Get Outside Right Now: College Pond
Okay, Weston, consider this a permission slip from your medical professional to drop everything you are doing, and use this gorgeous fall day to soak up autumn and its unique beauty. Blue skies, warmish temperatures (it’s all relative) and the oaks, birches, larches, and maples all agree with me, and no, none of us is actually a medical professional. I am Dr. Get Outside.
Here’s this week’s recommendation (not counting WFTA’s monthly walk on Sunday 11/7): College Pond! Yes, you have missed the apples at the orchard, and no, the trees are not sick. They just gave their all to producing fruit, so their leaves are pretty much gone now.
If you haven’t been to College Pond before, here’s a recommended route. It shouldn’t take more than 45 minutes, unless you are goggle-eyed at the fall colors, or you stop for a picnic at the viewpoint at the pond, or you get eaten by beavers (not actually a thing). Make sure you wear your mud-friendly shoes as quite a few of the trails are still mucky from all our recent rain…and our resident beavers continue to be busy and flooding out Cherry Brook. Fortunately, the amazing Rees Tulloss, Conservation Commissioner, has been busy raising the bog bridges so that we can all, fuzzy and non-fuzzy, live together happily.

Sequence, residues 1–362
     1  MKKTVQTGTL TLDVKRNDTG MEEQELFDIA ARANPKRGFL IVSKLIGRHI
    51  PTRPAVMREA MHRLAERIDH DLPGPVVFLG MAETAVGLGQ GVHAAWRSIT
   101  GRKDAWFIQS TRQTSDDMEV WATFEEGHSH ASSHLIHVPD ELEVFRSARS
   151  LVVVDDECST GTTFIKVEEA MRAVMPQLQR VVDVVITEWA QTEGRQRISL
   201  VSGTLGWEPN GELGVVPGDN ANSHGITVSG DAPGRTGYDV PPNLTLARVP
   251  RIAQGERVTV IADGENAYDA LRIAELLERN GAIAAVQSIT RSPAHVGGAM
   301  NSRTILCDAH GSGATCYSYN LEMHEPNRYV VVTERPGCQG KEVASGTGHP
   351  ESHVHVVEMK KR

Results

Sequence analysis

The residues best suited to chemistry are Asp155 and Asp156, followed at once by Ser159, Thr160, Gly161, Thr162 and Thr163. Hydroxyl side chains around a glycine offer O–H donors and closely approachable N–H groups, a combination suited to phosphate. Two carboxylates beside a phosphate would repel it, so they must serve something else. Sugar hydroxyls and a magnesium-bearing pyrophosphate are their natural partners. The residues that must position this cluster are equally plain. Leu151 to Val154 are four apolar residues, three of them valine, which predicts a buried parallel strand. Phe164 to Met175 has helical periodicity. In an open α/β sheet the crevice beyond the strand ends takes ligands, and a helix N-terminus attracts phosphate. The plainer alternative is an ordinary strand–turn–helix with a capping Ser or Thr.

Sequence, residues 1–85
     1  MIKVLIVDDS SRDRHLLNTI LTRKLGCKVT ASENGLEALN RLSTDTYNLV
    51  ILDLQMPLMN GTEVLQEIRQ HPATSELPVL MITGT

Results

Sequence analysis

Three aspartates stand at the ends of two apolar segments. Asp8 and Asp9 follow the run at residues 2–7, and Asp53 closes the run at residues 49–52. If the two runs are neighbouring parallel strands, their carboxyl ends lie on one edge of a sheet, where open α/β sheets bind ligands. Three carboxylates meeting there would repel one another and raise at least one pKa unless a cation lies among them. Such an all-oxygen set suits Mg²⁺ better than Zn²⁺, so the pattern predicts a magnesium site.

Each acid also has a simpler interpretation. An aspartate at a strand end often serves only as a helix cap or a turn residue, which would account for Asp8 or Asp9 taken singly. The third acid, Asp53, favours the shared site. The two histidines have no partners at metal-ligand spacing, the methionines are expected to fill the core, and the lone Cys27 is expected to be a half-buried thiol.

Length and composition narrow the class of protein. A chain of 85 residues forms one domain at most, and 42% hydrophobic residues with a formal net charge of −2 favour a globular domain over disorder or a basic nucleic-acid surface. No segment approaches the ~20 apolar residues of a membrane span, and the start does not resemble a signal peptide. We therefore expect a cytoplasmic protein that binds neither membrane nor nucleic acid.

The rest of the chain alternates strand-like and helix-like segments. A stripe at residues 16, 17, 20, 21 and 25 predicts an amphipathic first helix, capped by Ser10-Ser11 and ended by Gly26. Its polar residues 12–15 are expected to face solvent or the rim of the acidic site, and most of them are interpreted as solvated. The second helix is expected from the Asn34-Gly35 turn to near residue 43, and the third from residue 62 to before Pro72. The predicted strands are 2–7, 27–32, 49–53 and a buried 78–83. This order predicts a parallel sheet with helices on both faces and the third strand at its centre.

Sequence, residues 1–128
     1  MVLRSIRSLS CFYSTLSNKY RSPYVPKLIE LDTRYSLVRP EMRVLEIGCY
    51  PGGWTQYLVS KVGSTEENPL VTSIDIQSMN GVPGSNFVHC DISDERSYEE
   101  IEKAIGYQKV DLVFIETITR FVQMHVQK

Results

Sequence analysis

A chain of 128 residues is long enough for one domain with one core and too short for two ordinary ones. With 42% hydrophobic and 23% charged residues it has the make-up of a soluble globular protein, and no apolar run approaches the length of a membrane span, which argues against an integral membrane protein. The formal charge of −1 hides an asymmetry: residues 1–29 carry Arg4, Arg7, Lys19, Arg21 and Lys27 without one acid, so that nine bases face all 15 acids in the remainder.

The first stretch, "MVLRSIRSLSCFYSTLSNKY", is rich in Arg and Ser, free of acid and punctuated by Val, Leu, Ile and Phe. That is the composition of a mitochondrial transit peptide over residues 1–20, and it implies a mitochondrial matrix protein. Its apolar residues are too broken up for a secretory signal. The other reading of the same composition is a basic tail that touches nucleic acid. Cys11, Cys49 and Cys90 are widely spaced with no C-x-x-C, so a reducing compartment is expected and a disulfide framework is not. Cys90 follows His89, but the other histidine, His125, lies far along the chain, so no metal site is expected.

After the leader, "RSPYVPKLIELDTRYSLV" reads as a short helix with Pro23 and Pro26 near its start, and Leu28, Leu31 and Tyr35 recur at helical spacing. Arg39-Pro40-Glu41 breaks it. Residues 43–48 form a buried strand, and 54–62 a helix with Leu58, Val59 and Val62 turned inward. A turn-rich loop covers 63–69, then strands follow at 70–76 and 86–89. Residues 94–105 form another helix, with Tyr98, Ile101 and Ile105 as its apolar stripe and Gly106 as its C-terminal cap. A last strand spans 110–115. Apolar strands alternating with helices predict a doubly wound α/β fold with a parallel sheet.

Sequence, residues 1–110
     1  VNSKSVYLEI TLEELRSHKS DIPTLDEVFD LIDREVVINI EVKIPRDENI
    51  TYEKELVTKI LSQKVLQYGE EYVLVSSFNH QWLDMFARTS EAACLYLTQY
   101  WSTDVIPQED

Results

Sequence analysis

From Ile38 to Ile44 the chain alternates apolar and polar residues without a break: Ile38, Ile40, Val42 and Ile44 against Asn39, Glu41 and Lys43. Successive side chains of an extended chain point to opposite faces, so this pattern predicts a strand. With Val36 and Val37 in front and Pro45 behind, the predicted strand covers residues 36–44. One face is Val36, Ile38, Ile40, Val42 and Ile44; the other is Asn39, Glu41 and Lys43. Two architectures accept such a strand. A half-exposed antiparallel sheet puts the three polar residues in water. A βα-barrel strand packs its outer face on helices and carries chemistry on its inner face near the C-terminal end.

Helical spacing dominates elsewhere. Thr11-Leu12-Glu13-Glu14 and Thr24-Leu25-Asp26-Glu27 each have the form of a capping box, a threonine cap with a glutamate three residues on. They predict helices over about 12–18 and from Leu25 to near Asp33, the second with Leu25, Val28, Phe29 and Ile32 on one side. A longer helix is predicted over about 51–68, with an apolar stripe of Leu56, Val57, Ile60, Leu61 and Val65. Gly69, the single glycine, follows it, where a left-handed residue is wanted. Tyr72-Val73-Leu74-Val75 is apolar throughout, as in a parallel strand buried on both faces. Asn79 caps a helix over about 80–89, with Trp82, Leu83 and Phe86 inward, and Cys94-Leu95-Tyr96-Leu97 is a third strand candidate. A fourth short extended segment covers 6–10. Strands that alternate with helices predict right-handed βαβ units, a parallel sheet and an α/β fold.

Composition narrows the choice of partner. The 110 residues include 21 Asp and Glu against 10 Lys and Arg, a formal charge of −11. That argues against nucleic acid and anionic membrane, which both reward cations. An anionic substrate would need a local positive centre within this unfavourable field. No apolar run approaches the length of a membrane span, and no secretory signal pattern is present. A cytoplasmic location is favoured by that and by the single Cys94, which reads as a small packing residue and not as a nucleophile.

I like to park in one of the pull-outs on Concord Road, but there is a huge parking lot at Burchard Park and you can just adjust the trails accordingly. I’m starting here at the Apple Orchard explanatory kiosk and heading down the orchard until a mowed path leads you to the College Pond waterside trail.
By taking the left-hand mowed trail, you’ll get to the big rock that overlooks the pond (cover photo) and there is no better place to stop for a sandwich (carry-in, carry out!). Fido may also want to take a swim in this cleanish area of the pond, or if you’re Katie Puppy, K9 Ranger, studiously avoid that water.
While I wish I had the time to give you all the stops on the way, the Owl actually has some real work to do (oh all right, I want to get out there myself) so let’s just say: follow the yellow line much like Dorothy and enjoy narrow trails, carriage roads, and the Troll Bridge! You’ll see there an explanatory sign on the beaver busy-ness.
After the Troll Bridge, you’ll take a right down a narrow trail with huge white pines, then past a wetlands pool and bench, and wander up to Merriam Street’s sidewalk. Once you’re on the sidewalk, you can jump back into the conservation area right before the “onion field” near the entrance for Leaftopia. You’ll soon find yourself near the ruins for Merriam Barn which are starting to appear out of the invasives, thanks to an Eagle Scout candidate.
Just past the Merriam Barn ruins, you’ll pass my favorite huge old sugar maples–three of them, one nearly hollowed up but still putting out leaves every year. Yes, they are mostly done with their fall display.
You’re back at the start of the loop now, and may have to go back to work. Do it again.